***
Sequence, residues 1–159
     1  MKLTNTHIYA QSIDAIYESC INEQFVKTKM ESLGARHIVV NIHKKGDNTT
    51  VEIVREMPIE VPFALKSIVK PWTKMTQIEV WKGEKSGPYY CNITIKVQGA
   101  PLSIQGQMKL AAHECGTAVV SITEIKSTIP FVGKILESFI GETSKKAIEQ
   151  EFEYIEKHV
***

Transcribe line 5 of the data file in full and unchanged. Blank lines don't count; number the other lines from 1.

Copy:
   151  EFEYIEKHV